What is the situation in terms of continuing professional development at Kiel University?

We are excellently positioned here, as we have been for a long while. Of course, new issues and perspectives are always cropping up, but the past months especially have shown how flexible the university's Continuing Professional Development Team is.

In terms of how you arrange your personal work day, you must have had to be very flexible following your appointment.

I certainly had to make some changes. I've drastically reduced my activities as professor, but that was clear to me from the very start. My office takes priority. Yet of course I hope that times will become somewhat calmer and I can dedicate more of my time to teaching again.

This interview was conducted by Martin Geist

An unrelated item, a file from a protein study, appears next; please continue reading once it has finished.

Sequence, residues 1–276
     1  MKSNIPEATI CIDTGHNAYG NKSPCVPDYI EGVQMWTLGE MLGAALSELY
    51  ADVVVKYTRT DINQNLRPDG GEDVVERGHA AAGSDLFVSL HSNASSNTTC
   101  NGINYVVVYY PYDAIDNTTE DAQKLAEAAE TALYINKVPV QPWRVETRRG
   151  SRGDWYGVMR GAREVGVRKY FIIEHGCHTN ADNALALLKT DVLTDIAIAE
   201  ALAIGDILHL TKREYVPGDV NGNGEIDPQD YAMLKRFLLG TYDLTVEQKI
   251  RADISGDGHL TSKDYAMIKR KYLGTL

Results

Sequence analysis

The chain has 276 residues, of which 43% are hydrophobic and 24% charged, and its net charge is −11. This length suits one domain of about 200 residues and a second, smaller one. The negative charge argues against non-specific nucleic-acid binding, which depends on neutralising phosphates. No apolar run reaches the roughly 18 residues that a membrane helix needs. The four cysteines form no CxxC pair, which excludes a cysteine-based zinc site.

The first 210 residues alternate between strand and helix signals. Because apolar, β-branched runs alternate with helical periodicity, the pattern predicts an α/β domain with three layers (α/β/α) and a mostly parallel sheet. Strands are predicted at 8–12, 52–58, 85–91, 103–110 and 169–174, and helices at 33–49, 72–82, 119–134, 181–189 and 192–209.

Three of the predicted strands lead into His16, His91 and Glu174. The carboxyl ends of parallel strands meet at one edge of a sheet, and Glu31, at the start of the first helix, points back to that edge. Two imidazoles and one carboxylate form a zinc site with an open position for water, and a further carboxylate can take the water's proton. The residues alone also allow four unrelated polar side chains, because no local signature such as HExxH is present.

Short biography of Prof. Dr Markus Hundt

Markus Hundt was born in Ulm in 1965 and studied German, history, and philosophy in Tübingen and Freiburg im Breisgau from 1986 to 1992. After his doctoral degree in Freiburg, he held a teaching position there, which was later followed by a habilitation (postdoctoral lecture qualification) in German linguistics at the Technische Universität Dresden (TUD). Hundt took up deputy professorships at Chemnitz University of Technology and at European University Viadrina in Frankfurt an der Oder. Since 2006, Markus Hundt has worked as Professor of German Philology / German Linguistics at the Institute of German Studies at Kiel University. From 2010 to 2014, he was Dean of the Faculty of Arts and Humanities at Kiel University and, from 2016 to 2020, deputy member of the University Senate. (mag)